The court found that, “Nonetheless, the Court agrees that the “weighty interest in officer safety” during vehicle stops, the lesser protection accorded to readily mobile vehicles, and the unsettled scope of case law on unlawful ruses, taken together, is sufficient to demonstrate that the law was not clearly established at the time of Plaintiff’s seizure, pg. 18 lines 13-16 of Court Document 155.
Plaintiff cannot find any facts in the court’s decision or the Defs. Mot. for Summ. Judg supporting the Defendants’ contention of an issue with “officer safety” which the court relies upon to grant Defs. Mot. For Summ. Judg. regarding Plaintiff’s Fourth Amendment Rights.
Therefore, Plaintiff requests that the court point to the non-disputable facts which give rise to officer safety. As Plaintiff pointed out during the April 21, 2011 hearing, Defendants’ contradict their contention that “officer safety” arose when Plaintiff shut the door to his vehicle and then stating that Plaintiff should have shut the door or walk away from the officers, lines 1-4 of pg. 4 of Court Doc. 141.
The court found that, “Plaintiff has not presented any case law suggesting that the law on this issue was clearly established,” lines 22-23 of Court Doc. 155.
Plaintiff provided numerous case law regarding this issue, pages 10-12 of Court Doc.132 with specific cases including Boyd v. United States, Rios v. United States, Bumper v. North Carolina and Katz v. United States. Plaintiff requests that the court demonstrate how these cases do not apply by not being established prior to the March 15, 2008 incident as the court has stated.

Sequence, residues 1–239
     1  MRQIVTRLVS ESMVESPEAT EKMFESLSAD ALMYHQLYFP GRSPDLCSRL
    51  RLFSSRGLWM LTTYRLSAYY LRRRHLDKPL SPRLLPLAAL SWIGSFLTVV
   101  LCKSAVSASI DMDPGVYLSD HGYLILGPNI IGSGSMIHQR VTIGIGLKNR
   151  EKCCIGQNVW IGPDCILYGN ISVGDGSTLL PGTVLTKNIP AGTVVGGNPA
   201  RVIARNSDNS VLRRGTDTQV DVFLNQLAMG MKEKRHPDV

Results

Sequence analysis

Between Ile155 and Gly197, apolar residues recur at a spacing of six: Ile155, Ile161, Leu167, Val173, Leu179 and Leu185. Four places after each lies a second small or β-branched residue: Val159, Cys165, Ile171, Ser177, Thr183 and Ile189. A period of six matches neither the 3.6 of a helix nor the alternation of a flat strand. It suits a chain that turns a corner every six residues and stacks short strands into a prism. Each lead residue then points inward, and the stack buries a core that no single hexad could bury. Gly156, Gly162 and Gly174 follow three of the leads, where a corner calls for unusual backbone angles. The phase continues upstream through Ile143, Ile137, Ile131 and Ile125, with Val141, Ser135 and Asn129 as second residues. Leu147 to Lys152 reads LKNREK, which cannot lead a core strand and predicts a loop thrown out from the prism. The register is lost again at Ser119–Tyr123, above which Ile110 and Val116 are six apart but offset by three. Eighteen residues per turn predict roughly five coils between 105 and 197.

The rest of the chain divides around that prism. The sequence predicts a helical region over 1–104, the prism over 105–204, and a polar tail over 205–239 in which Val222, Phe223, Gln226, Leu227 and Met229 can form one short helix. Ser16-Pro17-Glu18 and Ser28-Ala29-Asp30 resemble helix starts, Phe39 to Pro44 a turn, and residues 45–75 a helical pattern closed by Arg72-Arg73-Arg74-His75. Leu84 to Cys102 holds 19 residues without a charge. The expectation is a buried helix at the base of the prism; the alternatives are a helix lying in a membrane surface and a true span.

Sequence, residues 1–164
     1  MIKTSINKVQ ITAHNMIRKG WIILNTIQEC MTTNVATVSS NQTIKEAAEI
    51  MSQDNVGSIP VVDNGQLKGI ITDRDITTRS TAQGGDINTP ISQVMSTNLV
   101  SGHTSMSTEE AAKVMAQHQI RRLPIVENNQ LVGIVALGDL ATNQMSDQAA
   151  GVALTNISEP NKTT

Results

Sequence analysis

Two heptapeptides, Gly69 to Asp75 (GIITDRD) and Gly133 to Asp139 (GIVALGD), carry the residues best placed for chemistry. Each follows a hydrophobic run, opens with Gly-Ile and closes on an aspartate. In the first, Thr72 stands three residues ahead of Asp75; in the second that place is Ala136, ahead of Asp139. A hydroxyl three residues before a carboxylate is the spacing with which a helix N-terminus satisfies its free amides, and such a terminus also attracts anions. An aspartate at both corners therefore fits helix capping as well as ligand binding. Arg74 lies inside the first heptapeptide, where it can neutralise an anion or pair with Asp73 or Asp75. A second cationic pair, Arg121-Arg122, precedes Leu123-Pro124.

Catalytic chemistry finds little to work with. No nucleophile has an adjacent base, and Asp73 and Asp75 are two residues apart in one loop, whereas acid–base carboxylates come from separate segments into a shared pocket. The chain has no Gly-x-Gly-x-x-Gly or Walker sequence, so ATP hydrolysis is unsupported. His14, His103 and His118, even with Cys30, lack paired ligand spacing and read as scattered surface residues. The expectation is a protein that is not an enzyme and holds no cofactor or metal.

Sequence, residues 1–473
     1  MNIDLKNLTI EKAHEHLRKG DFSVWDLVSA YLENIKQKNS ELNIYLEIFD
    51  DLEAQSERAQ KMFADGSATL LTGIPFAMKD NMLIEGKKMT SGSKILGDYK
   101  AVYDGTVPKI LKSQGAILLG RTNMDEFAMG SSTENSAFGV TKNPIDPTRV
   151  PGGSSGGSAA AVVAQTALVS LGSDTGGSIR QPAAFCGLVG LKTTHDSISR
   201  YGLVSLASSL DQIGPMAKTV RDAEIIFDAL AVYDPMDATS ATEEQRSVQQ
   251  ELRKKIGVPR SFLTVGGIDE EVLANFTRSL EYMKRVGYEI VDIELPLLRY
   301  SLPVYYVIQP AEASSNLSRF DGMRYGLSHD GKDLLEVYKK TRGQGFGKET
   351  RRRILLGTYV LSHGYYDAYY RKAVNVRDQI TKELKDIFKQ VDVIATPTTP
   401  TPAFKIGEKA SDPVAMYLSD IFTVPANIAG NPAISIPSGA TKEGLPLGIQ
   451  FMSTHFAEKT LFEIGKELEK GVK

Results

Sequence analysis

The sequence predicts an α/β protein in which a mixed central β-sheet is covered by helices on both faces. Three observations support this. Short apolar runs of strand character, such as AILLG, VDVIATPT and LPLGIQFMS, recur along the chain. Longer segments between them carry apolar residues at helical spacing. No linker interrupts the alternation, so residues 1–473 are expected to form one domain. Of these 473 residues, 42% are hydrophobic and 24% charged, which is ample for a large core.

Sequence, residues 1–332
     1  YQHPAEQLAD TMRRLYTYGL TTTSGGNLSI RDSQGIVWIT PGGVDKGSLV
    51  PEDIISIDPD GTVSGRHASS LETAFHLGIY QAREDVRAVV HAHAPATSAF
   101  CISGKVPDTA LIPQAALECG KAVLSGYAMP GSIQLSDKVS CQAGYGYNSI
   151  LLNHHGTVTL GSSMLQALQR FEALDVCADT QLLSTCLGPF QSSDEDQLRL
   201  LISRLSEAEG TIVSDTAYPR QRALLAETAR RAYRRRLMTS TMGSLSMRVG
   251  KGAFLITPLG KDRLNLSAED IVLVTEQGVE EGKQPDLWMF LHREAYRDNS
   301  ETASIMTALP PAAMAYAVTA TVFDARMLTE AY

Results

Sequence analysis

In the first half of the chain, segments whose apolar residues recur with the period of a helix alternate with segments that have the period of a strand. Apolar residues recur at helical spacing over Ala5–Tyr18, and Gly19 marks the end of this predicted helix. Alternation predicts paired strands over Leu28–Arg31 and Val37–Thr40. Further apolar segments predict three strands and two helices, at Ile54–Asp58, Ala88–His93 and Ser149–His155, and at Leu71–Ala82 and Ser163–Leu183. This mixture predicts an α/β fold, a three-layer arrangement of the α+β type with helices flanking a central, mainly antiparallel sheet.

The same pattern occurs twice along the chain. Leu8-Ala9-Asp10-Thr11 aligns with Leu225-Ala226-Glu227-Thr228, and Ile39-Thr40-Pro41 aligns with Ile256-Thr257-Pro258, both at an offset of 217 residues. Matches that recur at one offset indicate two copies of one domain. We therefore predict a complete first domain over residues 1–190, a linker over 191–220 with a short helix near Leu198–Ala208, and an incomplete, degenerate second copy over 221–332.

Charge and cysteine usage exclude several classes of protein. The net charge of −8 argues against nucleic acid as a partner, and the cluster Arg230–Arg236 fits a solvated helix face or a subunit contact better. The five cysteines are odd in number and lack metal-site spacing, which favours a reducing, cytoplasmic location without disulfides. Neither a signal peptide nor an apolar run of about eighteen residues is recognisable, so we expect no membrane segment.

The court concluded that, “However, as discussed above, Plaintiff has not produced admissible expert testimony suggesting that Defendants altered or tampered with the MAV or Taser recordings.,” lines 10-11 of pg. 13 of Court Doc 155. Furthermore the court found that Plaintiff does not have the expertise to submit photographic evidence to support Plaintiff’s allegations of tampering or even point out missing data from documents submitted to the court by the Defendants, pages 11-12 of Court Doc. 155.
With that said Plaintiff submitted Exhibit 512-11 which are photographs of the incident taken by Def. Temores’ MAV and Taser camera. Plaintiff points out to the court a shoe and foot behind Plaintiff in said exhibit.
Plaintiff requests that the court clarify what qualifications are necessary for a party or witness to point out images on photographs submitted by Defendants in order to assert facts and or dispute of facts.
Plaintiff pointed out missing data from the taser gun activation data that Defendants submitted to the court, Exhibit 522 and specifically 522-15 and 522-16.
The court has determined that Plaintiff is not qualified to present this evidence demonstrating a dispute of facts giving rise to the falsification of the taser gun activation data. Plaintiff requests that the court cite what are the qualifications necessary for a witness or party to point out missing taser gun activation data to the court that is documented on the Defendants’ own Exhibits in order for it to be admissible.
Plaintiff points out that Def. Burger confirms with the paramedics that four taser probes were discharged during the incident as documented on Defendant Burger’s MAV recording. Plaintiff points out Defendants document and secure a taser probe lodged in the fence and one on the sidewalk into evidence yet failed to document and secure the taser probe that Def. Burger retrieves from Def. Temores’ patrol car as documented on Defs.’ Burger’s and Temores’ MAV recordings provided to this court by Defendants and exhibits 47 of Court Doc. 55; 162, 163 and 166 of court doc. 109.
Defendants’ acknowledge destroying two taser probes, a taser cartridge, taser wires and AFIDS. Plaintiff requests that the court specify the qualifications necessary to point to taser probes and other images in photographs submitted as evidence in order to be accepted as evidence in order to give rise to a disputed fact.
Plaintiff requests the court specify the qualifications necessary to point to dialog in an audio recording in order for the court to accept that dialog giving rise to a disputed fact. Gregg Stutchman cites the Critical Review, Waveform Analysis and Time Code Analysis in his report. Plaintiff attaches Stutchman’s Declaration to this submission.
Update: May 19th, 2011
Update: May 20th, 2011
Update: May 23rd, 2011